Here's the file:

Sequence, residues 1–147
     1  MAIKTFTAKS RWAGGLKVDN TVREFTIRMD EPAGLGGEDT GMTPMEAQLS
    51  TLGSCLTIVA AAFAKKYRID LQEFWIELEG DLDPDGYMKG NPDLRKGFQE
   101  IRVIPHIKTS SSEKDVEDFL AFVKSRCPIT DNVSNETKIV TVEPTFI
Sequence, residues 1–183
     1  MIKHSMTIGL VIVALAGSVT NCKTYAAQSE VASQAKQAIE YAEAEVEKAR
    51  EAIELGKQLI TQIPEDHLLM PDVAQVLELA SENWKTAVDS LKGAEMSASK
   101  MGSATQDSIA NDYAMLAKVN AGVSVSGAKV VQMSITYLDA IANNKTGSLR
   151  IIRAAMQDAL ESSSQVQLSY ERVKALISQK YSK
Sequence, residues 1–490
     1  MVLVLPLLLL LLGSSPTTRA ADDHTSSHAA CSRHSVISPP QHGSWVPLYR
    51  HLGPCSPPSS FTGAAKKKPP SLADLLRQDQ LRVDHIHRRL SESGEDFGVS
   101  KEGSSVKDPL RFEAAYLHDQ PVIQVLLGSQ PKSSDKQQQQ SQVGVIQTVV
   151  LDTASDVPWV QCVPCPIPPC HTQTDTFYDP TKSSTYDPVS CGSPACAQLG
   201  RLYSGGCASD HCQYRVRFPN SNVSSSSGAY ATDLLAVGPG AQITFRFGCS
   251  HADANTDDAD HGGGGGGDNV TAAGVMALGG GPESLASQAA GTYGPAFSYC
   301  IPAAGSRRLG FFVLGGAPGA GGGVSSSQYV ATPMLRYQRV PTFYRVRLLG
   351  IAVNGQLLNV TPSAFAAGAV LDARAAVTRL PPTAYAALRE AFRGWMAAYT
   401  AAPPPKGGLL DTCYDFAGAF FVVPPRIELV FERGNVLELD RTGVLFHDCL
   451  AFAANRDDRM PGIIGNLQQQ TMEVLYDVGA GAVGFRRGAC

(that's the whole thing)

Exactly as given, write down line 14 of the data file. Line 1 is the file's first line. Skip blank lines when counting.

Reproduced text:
   151  LDTASDVPWV QCVPCPIPPC HTQTDTFYDP TKSSTYDPVS CGSPACAQLG